Why Egyptians Need to Change How They View Abortion?
When I was 16-years-old, I thought abortion should be made legal because I truly believed in the slogans of the pro-choice movement. The determining factor for me was some sort of slogan that I often heard from pro-choice activists: “My body, my choice!”
I am 6-years-0lder now, and I realize that if one were to make a case for abortion in Egypt and have it be successful, one must stir away from such slogans. This is because it is extremely hard to convince mainstream Egyptian public opinion that a woman’s body is exclusively her property.
Also, the whole pro-choice stance applied in a non-Western context loses meaning; it becomes attacked as a form of attempted cultural colonialism, co-opted by some Western commentators to ensure the West’s superiority.
Additionally, it is criticized for being a stance that lacks considerations of cultural sensitivity, specifically it lacks consideration of the strong influence of religion inscribed in the minds, hearts, and constitutional tradition of Egypt.
I genuinely do believe that some of these criticisms are fair ones, and I really do want to discuss abortion in a manner that steers the discussion away from the whole pro-choice versus pro-life camps.
Just to pay cultural sensitivity enough credence, however, I just want to say that Islamic religious interpretations hold flexibility and debate on this matter; it is not as straight out haram (forbidden) or wrong as some religious commentators or every day individuals make it seem.
Indeed, this video contains footage of Dr. Aly Gomaa, one of Egypt’s most renowned Azhar scholars, and Former Head of Religious Fatwa in Egypt (2003 – 2013); speaking on the matter of abortion after a female caller asks him for his opinion on undergoing an abortion before the fetus turns 40 days.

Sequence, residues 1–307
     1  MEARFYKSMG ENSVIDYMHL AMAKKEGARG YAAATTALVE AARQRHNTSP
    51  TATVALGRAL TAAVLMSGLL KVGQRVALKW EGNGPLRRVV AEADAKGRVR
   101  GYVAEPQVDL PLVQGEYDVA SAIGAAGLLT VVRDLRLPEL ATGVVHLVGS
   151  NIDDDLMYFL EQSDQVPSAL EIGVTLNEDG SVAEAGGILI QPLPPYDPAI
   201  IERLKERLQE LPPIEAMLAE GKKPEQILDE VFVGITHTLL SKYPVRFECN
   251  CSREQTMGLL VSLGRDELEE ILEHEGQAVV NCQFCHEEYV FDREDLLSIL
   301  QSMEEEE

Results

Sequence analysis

Gomaa states that Imam Malik condones abortions so long as they happen, before the 40-day period, and that Imam El Shafe’ei condones abortions so long as they occur before a 120-day period. Gomaa himself steers more towards Imam Malik’s stance, but does not deny the credibility of Imam El Shafe’ei’s stance.
Gomaa then proceeds to explain that the debate is a complex one, as it entails what counts as life, and what differentiates organic life (like say a plant or a fetus) from a full out human being with a mind and a soul.
Two things become clear here. Firstly, there is a lot of historically credible religious opinions and interpretations of Islam that condone abortion as a principle. This ought to put end to the myth that it is flat out haram, no questions asked, no debates to be had.
Secondly, it is highly exceptional that any woman would want to undergo an abortion after the first trimester period has expired anyway, and certain interpretations of Islam affirm her right to do so within the first trimester.
So let’s bust another myth: to make abortion legal is not to make it legal throughout the entire nine months of pregnancy!
Abortion is a medical procedure, when a medical procedure is banned healthy women have to choose to either have at home abortions — by taking pills — or by going to underground clinics that lack sanitation and trained medical personnel, or to simply have an unwanted child.
Hence, this legal ban does not have a neutral effect, it has a clear harmful effect, and nothing is being done. Any law that forces any citizen to make such a choice has fundamentally failed in an important way.
Finally, to those who argue that legalizing abortion during the first trimester of pregnancy will encourage pre-marital sex, are there statistics that affirm that?
Was there a study done that measured the incidence of pregnancy via pre-marital encounters, before and after legalizing abortion?
Is there social research that affirms that there is a group of individuals, amounting to it being called a phenomenon, who are waiting for the ban on abortion to be lifted for them to have premarital sex?
Laws like this should not be placed on the premise of moral panics, or irrational and personal fears. Laws should be in touch with material reality.
There is a material reality that shows there is a lot of room for Islamic religious flexibility in the case of abortion, and there is a material reality that shows that the current legal ban is actually conductive of harm.
WE SAID THIS: The Unspoken Truth of Arab Women Getting Abortions.